For this cause we also thank God without ceasing, that when you received from us the word of the message of God, you accepted it not as the word of men, but, as it is in truth, the word of God, which also works in you who believe.
(1 Thessalonians 2:6b-8, 13)

back to top

Does the New Testament offer a reliable account of the events it records? Written by people who witnessed those events?

The apostle Peter wrote the following:

For we did not follow cunningly devised fables when we made known to you the power and coming of our Lord Jesus Christ, but we were eyewitnesses of his majesty. For he received from God the Father honor and glory, when the voice came to him from the Majestic Glory, 'This is my beloved Son, in whom I am well pleased.' We heard this voice come out of heaven when we were with him on the holy mountain.
(2 Peter 1:16-18)

The apostle John wrote the following:

That which we have seen and heard we declare to you, that you also may have fellowship with us: yes, and our fellowship is with the Father, and with his Son Jesus Christ. (1 John 1:3)

Peter also said the following, on the subject of choosing a replacement for Judas Iscariot:

Of the men therefore who have accompanied us all the time that the Lord Jesus went in and out among us, beginning from the baptism of John, to the day that he was received up from us, of these one must become a witness with us of his resurrection. (Acts 1:21-23)

Judas' replacement was to be from amongst those who had been with Jesus and the disciples from the very beginning of Jesus' public ministry, someone who, like Peter and the others, had witnessed it all themselves personally.

Following his resurrection, Jesus appeared to the disciples many times; one account reads as follows:

Then he opened their minds, that they might understand the scriptures; and he said to them, "Thus it is written, that the Christ should suffer, and rise again from the dead the third day; and that repentance and remission of sins should be preached in his name to all the nations, beginning from Jerusalem. You are witnesses of these things."
(Luke 24:45-48)

Luke wrote the following in the introduction to his account of the gospel:

Forasmuch as many have taken in hand to draw up a narrative concerning those matters which have been fulfilled among us, even as they delivered them to us, who from the beginning were eyewitnesses and ministers of the word, it seemed good to me also, having traced the course of all things accurately from the first, to write to you in order, most excellent Theophilus, that you might know the certainty concerning the things which you have been instructed. (Luke 1:1-4)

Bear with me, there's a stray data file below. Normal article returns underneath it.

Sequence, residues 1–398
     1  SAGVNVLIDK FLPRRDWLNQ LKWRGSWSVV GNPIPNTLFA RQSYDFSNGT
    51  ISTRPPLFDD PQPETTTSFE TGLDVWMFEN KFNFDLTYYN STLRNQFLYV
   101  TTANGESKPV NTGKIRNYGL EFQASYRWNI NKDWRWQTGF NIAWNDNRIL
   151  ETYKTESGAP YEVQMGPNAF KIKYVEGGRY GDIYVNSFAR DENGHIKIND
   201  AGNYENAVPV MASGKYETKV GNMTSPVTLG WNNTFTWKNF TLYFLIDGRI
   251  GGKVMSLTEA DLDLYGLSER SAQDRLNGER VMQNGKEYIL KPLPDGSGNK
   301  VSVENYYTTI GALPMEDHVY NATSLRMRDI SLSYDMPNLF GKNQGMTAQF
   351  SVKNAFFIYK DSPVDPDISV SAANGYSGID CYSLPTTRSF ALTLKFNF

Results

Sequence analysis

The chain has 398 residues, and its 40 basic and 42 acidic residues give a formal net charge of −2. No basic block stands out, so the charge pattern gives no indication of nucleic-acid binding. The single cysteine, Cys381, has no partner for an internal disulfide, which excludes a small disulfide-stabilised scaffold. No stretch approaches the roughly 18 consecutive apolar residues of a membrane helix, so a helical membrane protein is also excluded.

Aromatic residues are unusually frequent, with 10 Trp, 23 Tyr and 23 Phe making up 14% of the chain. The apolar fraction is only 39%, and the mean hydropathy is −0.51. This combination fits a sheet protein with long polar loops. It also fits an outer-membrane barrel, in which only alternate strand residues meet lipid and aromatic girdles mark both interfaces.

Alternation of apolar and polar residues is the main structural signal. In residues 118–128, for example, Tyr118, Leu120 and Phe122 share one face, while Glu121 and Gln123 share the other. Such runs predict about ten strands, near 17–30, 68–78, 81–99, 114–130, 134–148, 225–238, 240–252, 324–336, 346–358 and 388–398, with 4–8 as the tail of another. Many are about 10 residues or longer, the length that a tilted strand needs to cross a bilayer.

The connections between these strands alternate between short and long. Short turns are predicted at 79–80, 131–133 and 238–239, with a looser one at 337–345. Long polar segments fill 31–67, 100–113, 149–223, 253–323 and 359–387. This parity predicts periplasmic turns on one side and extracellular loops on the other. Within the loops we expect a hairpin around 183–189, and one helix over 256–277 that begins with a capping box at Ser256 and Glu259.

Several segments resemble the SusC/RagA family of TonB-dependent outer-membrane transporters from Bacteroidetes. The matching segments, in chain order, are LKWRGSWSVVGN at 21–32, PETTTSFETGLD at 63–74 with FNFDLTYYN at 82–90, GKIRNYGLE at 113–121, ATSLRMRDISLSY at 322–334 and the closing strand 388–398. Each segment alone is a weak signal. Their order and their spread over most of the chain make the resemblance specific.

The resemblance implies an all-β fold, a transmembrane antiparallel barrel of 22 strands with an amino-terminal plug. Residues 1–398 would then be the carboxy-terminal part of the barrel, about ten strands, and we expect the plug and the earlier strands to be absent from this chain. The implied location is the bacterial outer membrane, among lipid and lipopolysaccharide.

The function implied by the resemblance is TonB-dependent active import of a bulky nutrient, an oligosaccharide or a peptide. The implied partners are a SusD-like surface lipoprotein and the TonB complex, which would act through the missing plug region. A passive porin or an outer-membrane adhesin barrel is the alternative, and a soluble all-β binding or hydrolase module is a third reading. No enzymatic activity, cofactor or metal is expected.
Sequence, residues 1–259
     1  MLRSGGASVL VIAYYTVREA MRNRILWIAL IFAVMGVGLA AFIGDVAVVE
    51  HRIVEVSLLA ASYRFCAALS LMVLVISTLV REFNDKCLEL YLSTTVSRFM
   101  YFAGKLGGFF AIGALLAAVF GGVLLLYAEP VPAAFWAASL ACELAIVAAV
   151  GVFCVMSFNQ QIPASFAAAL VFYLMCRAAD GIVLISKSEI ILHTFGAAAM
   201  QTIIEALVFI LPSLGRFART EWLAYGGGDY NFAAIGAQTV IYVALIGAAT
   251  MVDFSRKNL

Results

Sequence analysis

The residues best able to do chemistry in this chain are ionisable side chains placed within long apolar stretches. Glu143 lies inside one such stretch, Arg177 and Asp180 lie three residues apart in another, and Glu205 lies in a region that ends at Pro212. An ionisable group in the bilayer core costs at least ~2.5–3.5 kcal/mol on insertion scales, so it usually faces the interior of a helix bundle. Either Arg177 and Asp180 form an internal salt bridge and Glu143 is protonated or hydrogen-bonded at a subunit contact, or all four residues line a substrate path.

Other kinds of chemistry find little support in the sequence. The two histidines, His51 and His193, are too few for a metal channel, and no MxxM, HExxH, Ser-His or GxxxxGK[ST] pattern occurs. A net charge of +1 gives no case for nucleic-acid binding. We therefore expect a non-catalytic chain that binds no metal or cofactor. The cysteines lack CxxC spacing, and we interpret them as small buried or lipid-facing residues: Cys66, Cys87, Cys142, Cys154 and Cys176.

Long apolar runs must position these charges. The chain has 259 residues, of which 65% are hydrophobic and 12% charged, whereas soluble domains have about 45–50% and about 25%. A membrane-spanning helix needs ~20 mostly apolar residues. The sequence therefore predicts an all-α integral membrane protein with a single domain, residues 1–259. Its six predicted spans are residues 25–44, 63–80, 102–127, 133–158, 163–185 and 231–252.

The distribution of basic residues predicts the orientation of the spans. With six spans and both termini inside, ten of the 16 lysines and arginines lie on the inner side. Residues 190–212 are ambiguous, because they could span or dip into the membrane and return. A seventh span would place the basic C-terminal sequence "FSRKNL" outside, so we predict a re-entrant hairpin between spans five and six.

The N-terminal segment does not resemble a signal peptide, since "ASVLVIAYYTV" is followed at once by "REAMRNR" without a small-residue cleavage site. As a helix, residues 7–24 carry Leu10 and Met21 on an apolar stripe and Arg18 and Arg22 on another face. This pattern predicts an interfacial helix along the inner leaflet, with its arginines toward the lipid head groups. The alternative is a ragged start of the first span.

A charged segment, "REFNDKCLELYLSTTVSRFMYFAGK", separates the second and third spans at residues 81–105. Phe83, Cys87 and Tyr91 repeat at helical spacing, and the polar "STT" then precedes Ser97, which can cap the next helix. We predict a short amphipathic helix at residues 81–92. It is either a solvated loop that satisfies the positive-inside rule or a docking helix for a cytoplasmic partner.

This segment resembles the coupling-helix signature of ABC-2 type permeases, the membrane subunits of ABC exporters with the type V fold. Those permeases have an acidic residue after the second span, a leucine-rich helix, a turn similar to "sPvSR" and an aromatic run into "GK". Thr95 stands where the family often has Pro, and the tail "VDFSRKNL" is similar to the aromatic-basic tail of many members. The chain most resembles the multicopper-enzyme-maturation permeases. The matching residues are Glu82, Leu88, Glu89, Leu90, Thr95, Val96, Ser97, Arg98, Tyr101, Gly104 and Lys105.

back to top

Luke refers above to accounts from eyewitnesses and to carefully investigating everything. But when was Luke's gospel written?

There is an indication of this in the following.

In 1 Timothy 5:18 the apostle Paul wrote:

For the scripture says, "You shall not muzzle the ox when he treads out the corn," and, "The labourer is worthy of his hire."
(1 Timothy 5:18)

So Paul is claiming to quote Scripture. The first quote is taken from Deuteronomy 25:4, a part of the Hebrew Scriptures / the Old Testament. But the second quote does not appear anywhere in the Old Testament.

It is true that there are places in the Old Testament where the principle of paying a worker his wages is given - e.g. Leviticus 19:13, and Deuteronomy 24:15:

The wages of a hired servant shall not remain with you all night until the morning. (Leviticus 19:13b)

You shall not oppress a hired servant who is poor and needy, whether he be of your brothers, or of your foreigners who are in your land within your gates: in his day you shall give him his hire, neither shall the sun go down on it; for he is poor, and sets his heart on it: lest he cry against you to the LORD, and it be sin to you.
(Deuteronomy 24:14-15)

But the precise statement, 'The labourer is worthy of his hire', or (more literally) 'Worthy is the workman of the pay of him' is not in the Hebrew Scriptures / Old Testament. Yet Paul is claiming to quote Scripture. So where is he quoting from? The answer is that 'The labourer is worthy of his hire' was a statement made by Jesus, and it appears in Luke 10:7.

Two conclusions can be drawn from this:
1: Luke's gospel must have existed in written form while Paul was still alive, dating it to sometime before about AD 66/67 (and possibly as early as AD 37, as we know from the Jewish historian Josephus and from archeological evidence that there was a high priest in Jerusalem by the name of Theophilus between AD 37 and 41). This is one example of many which provide evidence that the New Testament gospels were written and widely circulated whilst the original eyewitnesses of the events recorded in them were still alive.
2: Paul regarded Luke's gospel as Scripture just as much as he regarded the writings of Moses and the rest of the Old Testament as Scripture.

back to top

What about the apostle Paul's letters, are they Scripture?

The apostle Peter wrote:

...our beloved brother Paul also, according to the wisdom given to him, wrote to you; as also in all of his letters, speaking in them of these things. In those, there are some things that are hard to understand, which the ignorant and unsettled twist, as they also do to the other Scriptures, to their own destruction. (2 Peter 3:15-16)